Every company, whether a huge operation or a “mom and pop” outfit, requires tracking of its financial transactions. That’s where a financial accountant comes in. This type of accounting is done for the public, as in customers, investors, suppliers, government agencies, lenders or creditors. It uses Generally Accepted Accounting Principles (GAAP) as the standard. Financial accounting differs from managerial accounting, in which the accountant prepares reports solely for company management. Financial accounting is also known as financial reporting.
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Financial Accounting Objectives
Financial accounting is far more than systemically recording all of a business’ transactions. It provides information for the company’s owners or managers as to the firm’s current financial status, whether healthy or unhealthy, and is crucial for decision-making going forward. The financial statement provides this information to all interested parties, public or private. The information lets owners and stakeholders know the company’s liquidity, or ability to meet short-term obligations, as well as its solvency over the long-term.
Profit and Loss Statements
Profit and loss statements, also known as income statements, cover specific time periods, generally monthly, quarterly or annually. Such statements offer a description of what is happening financially at a company during the period in question and are regulatory requirements by the Internal Revenue Service. A profit and loss statement’s basic formula is, “Sales, minus expenditures, equals profits.”
The elements of a profit and loss statement include:
Operating revenue concerns business activities, including sales, credits or refunds. The business’ investment income is listed here.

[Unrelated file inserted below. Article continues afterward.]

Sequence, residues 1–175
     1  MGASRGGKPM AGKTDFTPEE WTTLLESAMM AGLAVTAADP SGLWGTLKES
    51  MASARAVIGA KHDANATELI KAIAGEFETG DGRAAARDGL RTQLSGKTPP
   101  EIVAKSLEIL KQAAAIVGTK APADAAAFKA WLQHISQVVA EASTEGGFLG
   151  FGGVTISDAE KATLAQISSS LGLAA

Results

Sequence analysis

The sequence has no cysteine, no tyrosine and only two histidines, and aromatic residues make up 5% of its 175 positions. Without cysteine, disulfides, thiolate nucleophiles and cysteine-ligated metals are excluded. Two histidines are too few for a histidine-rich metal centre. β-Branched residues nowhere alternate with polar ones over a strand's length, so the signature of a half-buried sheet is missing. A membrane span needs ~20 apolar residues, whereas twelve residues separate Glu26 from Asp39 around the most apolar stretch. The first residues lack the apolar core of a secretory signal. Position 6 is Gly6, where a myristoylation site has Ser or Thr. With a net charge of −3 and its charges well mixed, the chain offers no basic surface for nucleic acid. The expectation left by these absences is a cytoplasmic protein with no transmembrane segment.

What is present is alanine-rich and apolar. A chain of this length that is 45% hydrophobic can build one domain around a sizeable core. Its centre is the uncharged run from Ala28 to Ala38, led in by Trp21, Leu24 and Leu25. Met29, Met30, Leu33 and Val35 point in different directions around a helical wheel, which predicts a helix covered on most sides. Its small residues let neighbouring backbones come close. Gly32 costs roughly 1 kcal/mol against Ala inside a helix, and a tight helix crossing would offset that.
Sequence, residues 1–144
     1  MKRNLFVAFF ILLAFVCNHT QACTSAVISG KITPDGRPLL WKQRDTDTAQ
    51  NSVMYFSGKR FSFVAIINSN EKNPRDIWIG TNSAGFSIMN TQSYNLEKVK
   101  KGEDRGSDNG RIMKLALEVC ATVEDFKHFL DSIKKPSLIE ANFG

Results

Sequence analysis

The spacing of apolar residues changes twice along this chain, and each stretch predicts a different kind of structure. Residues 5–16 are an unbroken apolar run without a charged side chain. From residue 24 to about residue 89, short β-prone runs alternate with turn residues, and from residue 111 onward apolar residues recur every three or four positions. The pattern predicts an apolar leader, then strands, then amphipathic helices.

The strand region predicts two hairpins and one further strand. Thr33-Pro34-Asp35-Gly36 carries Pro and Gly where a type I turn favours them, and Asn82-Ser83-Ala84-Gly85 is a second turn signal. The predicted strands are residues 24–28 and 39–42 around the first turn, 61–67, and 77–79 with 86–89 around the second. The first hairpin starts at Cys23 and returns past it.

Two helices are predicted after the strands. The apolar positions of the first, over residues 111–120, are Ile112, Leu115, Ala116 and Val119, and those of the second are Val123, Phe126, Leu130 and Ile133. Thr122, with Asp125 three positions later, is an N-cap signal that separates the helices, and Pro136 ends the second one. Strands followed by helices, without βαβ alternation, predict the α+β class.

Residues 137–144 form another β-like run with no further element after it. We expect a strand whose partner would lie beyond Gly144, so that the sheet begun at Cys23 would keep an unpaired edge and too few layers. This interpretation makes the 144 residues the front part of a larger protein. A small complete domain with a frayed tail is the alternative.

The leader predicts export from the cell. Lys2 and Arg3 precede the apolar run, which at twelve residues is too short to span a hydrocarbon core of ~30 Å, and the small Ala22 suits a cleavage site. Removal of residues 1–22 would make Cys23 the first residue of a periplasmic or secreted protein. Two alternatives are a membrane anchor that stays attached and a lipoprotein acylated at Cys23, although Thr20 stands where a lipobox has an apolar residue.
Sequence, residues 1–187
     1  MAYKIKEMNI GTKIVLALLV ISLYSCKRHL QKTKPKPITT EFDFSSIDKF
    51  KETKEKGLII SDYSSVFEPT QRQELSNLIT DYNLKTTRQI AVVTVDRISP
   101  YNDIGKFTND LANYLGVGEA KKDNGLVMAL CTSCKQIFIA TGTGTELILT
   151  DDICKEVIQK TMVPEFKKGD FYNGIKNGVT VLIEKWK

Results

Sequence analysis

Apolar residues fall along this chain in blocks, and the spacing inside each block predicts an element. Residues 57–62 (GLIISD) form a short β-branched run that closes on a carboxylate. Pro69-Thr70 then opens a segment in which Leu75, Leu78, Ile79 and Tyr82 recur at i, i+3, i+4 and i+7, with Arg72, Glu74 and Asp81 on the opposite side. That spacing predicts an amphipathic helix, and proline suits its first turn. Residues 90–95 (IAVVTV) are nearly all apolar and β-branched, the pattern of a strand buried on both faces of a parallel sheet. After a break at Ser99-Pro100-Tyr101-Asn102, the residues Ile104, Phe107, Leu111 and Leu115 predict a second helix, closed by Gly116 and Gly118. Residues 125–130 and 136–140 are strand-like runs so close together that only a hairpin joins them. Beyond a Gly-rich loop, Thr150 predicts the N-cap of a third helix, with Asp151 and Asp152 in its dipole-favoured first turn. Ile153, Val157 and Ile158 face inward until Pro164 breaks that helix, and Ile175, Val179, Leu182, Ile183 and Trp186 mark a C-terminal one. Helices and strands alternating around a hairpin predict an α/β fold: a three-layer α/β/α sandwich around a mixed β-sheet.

Operating expenses are those needed for conducting business, including salaries and benefits, administration, rent, utilities, advertising, research and development and anything else involved in running the business. For capital investments, there is depreciation and amortization, also considered expenses. Instead of writing off the whole investment purchase in the year the company bought it, some such investments, such as equipment or technology, are depreciated over their useful life. That useful life is determined by the IRS. For example, commercial buildings are generally depreciated over 39 years. Amortization is depreciation of the company’s intangible assets, such as patents, trademarks and intellectual property, and is also based on the useful life of the intangible asset.
When a company’s expenses exceed its revenues, it will experience a net loss for the period. While companies may undergo a net loss for a month or quarter, ongoing losses require investigation into why the losses occurred and mitigation options.
These are funds either coming from a non-primary source, or money from one-time events.
The upper part of the income statement is the trading account, which shows the gross profit, or the entire business income for the period. The financial accountant then subtracts overhead expenses to obtain the net profit, known colloquially as the bottom line. That’s where the information is located on the income statement.
Double Entry and the Accrual Basis
Financial accounting uses the double entry method of bookkeeping and the accrual basis of accounting. The former means each transaction is entered in one account as a credit and another as a debit. For example, if the company borrows $100,000 from a lender, a credit is entered to a cash account and a debit is entered to debit account, with the credit and debit equaling the same amount. Under the accrual basis, revenues are not reported when they are received, but when they are earned. Expenses are not reported when they are paid, but when they are incurred. As an example, real estate taxes are not reported when paid quarterly, but divided by 12 to reflect a monthly real estate tax bill.